Stopping mimikatz from dumping clear text credentials.

This post aims to demystify how we can restrict mimikatz from running successfully in Windows. Specifically how we can stop clear text credentials being dumped out of memory. My aim is to do this through demonstrating what can be done to the operating system configuration to prevent this from happening. In a follow up post perhaps we will look into how we might be able to identify if this has or is happening to a machine on the network.

Once a user logs on to a windows system the credentials are stored in the Local Security Authority Subsystem Service (LSASS). Once creds are cached, from here, with various tools, not just mimikatz, credentials in the form of clear text and hashed passwords can be extracted.

Mimikatz for a pen tester is a really great tool, like wise also unfortunately for hackers. Created by Benjamin Delphy ‘gentilkiwi’ allows one to dump clear text credentials out of memory. It can do all sorts of other pretty cool things like perform pass-the-hash, pass-the-ticket or build Golden tickets, among others. Some of which I may walk through in the future.

Mimikatz can be executed from different sources. Either directly from an executable and also from powershell. The later being the more desirable as no files are ever touching the hard disk drive. A typical screen shot of successful dumping would look like this, this is what we are trying to avoid:

Here you can see the local account ‘Adam’ and the clear text password being displayed. This is clearly bad news for organizations, and an IT teams worst nightmare. An adversary would have to initially compromise a workstation or server and gain admin or SYSTEM level privileges. This might be through a classic remote code execution vulnerability like MS08-069. Or through some other weakness in the software, or mis-configuration in the operating system. An attacker from here on would move laterally from system to system dumping creds. Ultimately with the aim of snagging a Domain Admin, or capturing that key piece of business data.

This post isn’t necessarily concerned with showing you how to use mimikatz, rather it’s, to better inform IT teams how they can prevent clear text credentials being dumped. Any tester worth their weight will already know how to use it.

I’m going to test by running  mimikatz natively on a couple of Windows operating systems in my test environment, make changes to the system then re-run.

I’ll run through executing Mimikatz and the preventative measures we can use to stop the software interacting with LSASS and dumping creds. Lets start with Windows Server 2012 R2.

Windows Server 2012 R2

When we run Mimikatz on a fully up to date system we get the following results:

Restricting Mimikatz

Note where the ‘Password’ field is for wdigest and kerberos , this would normally reveal the clear text password however in this case a ‘(null)’ value is displayed. This is default behavior in Windows Server 2012 R2 and Windows 8.1 and above, sadly for older operating systems such as Windows 7 the credentials are in displayed here in clear text. The NTLM hashes are still present here which still isn’t great and so can potentially be used in ‘pass the hash’ type attacks (PTH on the rid 500 account) or cracked offline using large password lists. Lets see what we can do to harden our systems further.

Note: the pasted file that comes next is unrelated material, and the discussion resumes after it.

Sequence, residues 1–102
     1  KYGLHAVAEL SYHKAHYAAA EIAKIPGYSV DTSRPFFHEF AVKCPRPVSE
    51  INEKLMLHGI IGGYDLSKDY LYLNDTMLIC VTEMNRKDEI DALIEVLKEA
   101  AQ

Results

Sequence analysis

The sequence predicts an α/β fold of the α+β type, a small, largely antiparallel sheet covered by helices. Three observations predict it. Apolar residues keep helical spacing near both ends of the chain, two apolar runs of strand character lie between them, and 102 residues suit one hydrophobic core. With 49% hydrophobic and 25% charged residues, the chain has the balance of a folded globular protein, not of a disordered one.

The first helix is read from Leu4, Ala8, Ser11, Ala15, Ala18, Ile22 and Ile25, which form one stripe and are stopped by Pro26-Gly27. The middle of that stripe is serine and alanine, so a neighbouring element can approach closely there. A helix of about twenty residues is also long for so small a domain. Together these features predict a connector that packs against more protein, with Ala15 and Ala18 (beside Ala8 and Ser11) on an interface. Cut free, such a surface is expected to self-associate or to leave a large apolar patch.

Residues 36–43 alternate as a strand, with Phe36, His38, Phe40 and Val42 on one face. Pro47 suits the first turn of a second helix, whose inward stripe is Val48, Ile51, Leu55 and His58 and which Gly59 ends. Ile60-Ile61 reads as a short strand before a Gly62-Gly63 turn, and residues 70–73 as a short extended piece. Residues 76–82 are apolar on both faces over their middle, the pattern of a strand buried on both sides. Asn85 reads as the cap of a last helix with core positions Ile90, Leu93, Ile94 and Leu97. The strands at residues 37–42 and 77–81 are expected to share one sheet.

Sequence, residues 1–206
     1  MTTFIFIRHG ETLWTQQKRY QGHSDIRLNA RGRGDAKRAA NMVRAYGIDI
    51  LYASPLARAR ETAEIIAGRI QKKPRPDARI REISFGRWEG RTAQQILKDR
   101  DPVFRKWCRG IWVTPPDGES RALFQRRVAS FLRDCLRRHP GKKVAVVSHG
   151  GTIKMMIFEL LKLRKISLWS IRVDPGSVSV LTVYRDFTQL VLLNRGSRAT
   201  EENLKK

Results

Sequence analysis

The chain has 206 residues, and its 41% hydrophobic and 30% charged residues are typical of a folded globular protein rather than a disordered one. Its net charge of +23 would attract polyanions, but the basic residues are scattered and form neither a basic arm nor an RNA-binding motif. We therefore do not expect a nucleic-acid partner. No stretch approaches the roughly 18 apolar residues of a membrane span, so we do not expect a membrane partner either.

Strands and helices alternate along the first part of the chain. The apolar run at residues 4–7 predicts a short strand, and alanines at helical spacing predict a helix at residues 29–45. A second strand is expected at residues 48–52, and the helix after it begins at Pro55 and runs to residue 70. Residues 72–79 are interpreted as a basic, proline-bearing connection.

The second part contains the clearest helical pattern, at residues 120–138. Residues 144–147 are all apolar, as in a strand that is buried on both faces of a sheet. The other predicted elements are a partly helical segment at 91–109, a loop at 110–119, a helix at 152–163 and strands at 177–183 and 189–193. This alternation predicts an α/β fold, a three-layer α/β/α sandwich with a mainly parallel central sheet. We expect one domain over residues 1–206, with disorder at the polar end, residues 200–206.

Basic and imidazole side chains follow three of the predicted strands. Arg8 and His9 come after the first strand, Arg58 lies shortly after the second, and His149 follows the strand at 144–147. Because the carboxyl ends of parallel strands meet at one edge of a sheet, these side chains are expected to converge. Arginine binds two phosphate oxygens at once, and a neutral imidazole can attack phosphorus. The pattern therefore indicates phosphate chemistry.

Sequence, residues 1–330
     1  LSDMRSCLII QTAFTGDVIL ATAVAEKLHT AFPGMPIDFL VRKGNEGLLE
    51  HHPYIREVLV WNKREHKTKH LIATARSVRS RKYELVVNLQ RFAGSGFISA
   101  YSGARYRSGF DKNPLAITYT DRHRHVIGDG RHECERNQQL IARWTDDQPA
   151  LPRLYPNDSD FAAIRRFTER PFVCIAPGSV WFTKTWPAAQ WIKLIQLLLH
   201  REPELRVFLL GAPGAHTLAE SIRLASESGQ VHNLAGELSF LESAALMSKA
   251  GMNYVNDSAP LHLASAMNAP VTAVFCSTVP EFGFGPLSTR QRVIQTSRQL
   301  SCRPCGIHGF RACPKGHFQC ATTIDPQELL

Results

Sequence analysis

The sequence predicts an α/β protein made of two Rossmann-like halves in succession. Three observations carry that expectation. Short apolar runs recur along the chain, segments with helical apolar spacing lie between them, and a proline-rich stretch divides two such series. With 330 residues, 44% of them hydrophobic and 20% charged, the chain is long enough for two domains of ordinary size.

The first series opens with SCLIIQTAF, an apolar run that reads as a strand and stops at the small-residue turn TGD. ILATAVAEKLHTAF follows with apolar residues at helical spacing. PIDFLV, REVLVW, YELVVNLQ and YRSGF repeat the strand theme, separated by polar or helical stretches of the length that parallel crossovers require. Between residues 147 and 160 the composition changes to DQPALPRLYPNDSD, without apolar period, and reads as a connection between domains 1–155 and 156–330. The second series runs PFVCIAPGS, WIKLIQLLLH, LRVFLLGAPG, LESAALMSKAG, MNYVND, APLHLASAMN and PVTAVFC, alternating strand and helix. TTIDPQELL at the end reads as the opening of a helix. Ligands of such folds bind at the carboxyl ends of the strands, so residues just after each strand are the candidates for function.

With Windows Server 2012 R2 and 8.1 there is a new feature called LSA (Local Security Authority) Protection according to the following Microsoft page we are able to run LSASS as a protected process. This essentially prevents mimikatz from working correctly out of the box. Although with some tweaking you can get mimikatz to run however a driver would need to added into the mix for it to work properly. The following registry change can be made at HKEY_LOCAL_MACHINE\SYSTEM\CurrentControlSet\Control\Lsa adding a new DWORD entry of “RunAsPPL”  with a value of 1. This does require a reboot however. Lets see this in action on the same Windows Server 2012 R2 Server. First the registry key:

Restricting Mimikatz WDigest

Lets reboot, and now lets see what happens when Mimikatz is executed:

Restricting mimikatz WDigest

Thats more like it! Now we are getting somewhere. This is only going to slow attackers down. It is however also going to generate noise on the network when the attacker reboots the server.

Windows 7 Professional

A patch was released by Microsoft which allowed you to control the clear text credentials from the wdigest for earlier systems. This same functionality can be utilized by tweaking the registry for earlier versions of Windows. This is available for Windows 7,8,2008 and is kb2871997. Once this patch is installed it allows you control how WDigest credentials are stored in memory. According to the following Microsoft Security Advisor;  to prevent WDigest credentials from being stored in memory. A reg key can be set via Group policy and thus applied to your estate. The registry key is new DWord with the name UseLogonCredential under the following subkey:

HKEY_LOCAL_MACHINE\System\CurrentControlSet\Control\SecurityProviders\WDigest

If the UseLogonCredential value is set to 0, WDigest will not store credentials in memory.

If the UseLogonCredential value is set to 1, WDigest will store credentials in memory.

Lets see how this works in Windows 7, first we will run Mimikatz to verify default behavior then we will add the WDigest registry key, reboot, test, then add the RunAsPPL registry key, reboot one last time and test again, lets do this!:

As with the standard behavior below we get clear text creds and hashes:

Restricting Mimikatz WDigest

Now lets add the HKEY_LOCAL_MACHINE\System\CurrentControlSet\Control\SecurityProviders\WDigest\ UseLogonCredential and set it 0:

Restricting Mimikatz WDigest

Lets reboot, and retry Mimikatz.